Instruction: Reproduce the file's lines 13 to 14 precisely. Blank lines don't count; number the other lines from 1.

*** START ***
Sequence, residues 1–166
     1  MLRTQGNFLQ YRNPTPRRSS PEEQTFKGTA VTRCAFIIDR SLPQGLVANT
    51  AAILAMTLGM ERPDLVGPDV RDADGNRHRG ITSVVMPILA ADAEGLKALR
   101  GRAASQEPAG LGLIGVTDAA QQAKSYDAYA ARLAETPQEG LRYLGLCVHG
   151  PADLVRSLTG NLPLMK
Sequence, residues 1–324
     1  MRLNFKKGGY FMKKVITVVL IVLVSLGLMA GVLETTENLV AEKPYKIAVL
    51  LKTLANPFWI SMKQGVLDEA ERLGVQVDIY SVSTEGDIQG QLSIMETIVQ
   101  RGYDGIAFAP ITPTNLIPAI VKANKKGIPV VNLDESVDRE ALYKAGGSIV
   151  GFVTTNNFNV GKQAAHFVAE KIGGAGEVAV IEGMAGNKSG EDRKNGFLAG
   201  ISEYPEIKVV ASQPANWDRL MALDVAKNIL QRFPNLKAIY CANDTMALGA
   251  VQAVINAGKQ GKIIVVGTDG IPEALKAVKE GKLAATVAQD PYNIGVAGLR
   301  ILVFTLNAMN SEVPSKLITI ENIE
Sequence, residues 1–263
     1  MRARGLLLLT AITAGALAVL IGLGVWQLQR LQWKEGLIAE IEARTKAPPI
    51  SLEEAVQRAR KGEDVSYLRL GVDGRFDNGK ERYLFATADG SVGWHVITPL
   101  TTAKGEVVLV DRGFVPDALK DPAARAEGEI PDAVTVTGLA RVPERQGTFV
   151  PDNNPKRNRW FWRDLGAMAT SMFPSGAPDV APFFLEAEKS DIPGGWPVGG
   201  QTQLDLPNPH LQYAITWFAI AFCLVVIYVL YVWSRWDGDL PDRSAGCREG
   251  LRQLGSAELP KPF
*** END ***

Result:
   301  ILVFTLNAMN SEVPSKLITI ENIE
Sequence, residues 1–263